"Ating Kasaysayan" [Our History]

<p>Filipinos</p>

Filipinos

Lorena Silva takes a walk down memory lane at the Filipino community hall.

Silva was born and raised in the area, and helps run the 60 year old museum.

"I'm probably like the second generation and so I find the community a source of home," said Silva.

For the past month, Silva and other Filipinos in the community have been observing Filipino American History Month.

Governor Jay Inslee signed a proclamation recognizing october as the official month of observation in the state.

"It's sort of like having a reason to celebrate," said hall president Rey Pascua, "And now it's also their responsibility to learn history correctly."

The hall houses a collection of trinkets, photographs and keepsakes passed on from members of the community over the past 100 years.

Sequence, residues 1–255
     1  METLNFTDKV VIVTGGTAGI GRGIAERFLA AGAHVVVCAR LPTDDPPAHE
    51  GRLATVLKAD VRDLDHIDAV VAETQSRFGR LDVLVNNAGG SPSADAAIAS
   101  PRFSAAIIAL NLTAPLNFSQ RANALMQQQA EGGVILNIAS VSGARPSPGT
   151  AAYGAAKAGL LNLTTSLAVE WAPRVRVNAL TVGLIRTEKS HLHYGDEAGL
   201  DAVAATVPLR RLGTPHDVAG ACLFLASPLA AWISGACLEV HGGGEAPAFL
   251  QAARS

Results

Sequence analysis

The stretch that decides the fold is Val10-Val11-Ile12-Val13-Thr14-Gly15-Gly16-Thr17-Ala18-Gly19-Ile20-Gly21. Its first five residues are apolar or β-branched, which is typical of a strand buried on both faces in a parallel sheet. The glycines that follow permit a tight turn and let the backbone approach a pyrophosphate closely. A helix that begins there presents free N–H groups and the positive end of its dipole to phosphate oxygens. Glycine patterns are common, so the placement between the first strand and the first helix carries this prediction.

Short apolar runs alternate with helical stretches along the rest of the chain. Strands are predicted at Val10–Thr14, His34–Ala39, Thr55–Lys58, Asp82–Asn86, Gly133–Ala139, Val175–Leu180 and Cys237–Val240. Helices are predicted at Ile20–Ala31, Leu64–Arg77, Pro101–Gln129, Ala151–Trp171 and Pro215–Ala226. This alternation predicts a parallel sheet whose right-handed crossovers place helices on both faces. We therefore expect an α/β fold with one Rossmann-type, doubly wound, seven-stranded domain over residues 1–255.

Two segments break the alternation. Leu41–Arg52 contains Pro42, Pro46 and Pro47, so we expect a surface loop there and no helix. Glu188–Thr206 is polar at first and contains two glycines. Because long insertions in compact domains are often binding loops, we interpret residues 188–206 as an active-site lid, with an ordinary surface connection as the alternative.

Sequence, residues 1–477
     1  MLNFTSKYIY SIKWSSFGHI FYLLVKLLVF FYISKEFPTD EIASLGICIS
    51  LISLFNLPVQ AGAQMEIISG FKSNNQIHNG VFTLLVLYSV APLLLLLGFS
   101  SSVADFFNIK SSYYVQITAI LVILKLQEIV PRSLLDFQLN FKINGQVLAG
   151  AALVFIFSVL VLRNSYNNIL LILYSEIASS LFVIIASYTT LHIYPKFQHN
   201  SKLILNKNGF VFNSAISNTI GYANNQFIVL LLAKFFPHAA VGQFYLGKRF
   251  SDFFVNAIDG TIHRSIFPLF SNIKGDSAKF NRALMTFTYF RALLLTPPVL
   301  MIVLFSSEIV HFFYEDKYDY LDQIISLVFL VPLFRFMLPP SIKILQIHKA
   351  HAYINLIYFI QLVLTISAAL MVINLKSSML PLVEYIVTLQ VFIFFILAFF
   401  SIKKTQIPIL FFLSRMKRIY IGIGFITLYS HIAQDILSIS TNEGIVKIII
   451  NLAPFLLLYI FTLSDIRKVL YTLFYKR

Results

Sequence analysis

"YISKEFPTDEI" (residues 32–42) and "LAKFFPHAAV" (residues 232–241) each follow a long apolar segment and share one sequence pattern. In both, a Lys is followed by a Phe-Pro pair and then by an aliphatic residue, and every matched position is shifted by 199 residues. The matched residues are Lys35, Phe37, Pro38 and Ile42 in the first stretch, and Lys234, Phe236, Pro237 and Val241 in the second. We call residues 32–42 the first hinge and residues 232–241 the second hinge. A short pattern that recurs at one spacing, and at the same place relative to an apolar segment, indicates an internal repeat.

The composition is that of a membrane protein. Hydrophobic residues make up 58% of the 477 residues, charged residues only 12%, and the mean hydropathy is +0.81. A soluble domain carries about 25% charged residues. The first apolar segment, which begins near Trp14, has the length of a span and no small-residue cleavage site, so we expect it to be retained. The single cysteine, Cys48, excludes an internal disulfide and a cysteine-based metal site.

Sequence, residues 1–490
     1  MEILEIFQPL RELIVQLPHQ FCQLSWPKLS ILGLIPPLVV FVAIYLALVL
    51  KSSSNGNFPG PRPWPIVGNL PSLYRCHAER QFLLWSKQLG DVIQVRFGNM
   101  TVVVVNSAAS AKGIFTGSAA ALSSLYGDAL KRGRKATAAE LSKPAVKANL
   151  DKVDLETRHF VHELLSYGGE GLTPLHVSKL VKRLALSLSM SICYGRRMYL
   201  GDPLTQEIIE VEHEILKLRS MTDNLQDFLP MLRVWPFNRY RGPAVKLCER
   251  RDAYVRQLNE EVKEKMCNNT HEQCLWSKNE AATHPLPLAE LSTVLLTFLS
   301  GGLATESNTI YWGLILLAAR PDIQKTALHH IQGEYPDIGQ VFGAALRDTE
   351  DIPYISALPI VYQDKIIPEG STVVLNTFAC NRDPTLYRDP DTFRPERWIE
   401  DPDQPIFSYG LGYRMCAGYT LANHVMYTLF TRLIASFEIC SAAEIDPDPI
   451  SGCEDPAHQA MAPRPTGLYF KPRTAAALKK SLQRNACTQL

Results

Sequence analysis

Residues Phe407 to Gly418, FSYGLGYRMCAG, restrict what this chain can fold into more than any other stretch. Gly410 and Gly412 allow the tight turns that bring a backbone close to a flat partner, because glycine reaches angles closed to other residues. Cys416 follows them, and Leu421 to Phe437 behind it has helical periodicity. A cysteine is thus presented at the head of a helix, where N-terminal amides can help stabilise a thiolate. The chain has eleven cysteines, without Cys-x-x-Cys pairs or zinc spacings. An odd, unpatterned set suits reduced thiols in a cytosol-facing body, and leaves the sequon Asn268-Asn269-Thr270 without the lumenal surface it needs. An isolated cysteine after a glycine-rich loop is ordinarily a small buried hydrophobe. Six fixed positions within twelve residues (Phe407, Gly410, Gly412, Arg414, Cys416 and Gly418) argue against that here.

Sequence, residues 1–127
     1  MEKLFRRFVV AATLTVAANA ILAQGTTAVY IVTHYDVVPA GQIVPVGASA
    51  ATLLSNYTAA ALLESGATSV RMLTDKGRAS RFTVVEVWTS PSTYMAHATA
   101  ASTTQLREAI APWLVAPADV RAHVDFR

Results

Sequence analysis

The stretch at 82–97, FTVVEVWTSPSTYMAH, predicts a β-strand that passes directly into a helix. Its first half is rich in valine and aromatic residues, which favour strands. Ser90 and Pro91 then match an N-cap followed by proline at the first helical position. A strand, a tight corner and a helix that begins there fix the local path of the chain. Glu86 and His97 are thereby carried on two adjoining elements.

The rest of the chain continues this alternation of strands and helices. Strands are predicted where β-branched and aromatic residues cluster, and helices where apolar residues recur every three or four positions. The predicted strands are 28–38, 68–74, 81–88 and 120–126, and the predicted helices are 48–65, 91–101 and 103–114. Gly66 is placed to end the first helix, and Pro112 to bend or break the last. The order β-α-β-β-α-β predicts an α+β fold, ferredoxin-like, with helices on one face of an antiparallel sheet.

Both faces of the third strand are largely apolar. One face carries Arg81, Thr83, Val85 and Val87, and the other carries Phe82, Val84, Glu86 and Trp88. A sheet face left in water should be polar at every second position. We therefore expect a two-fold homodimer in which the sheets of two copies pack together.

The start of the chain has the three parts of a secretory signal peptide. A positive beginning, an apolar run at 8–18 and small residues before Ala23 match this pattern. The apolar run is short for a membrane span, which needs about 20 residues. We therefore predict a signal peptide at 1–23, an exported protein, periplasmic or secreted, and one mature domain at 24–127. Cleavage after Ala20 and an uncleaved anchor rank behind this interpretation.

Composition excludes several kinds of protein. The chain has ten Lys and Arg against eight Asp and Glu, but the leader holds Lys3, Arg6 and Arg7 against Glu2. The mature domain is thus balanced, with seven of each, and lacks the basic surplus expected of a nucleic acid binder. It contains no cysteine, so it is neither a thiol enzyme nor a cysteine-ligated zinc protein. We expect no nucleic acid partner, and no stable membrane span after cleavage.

Filipinos are the byproduct Spanish influences, taking much of their language, dishes and art from the culture -- however, they are also regarded as one of the most westernized nations in the Asian Pacific, due to American presence during wartime.

The first settlers came to the Yakima County area in the 1910's from the Philippines, looking to earn an education -- instead, many settled as farmers.

The first group of settlers faced oppression over the years, much like any other race, before being accepted in the community decades later.

It wasn't until the 50's when the hall was built from the ground up.

The hall was founded in 1952, members say it was one of the first of it's kind in the country, it's motto; preserving the past to enrich the future.

"I remember my father saying this community was built not for [theirselves], but for the future generation," said Silva, "So [we're] Preserving the past and passing it on to the next generation, and the generation after that. "

Governor Jay Inslee is expected to stop by the area tomorrow and meet and greet with some members of the Filipino community.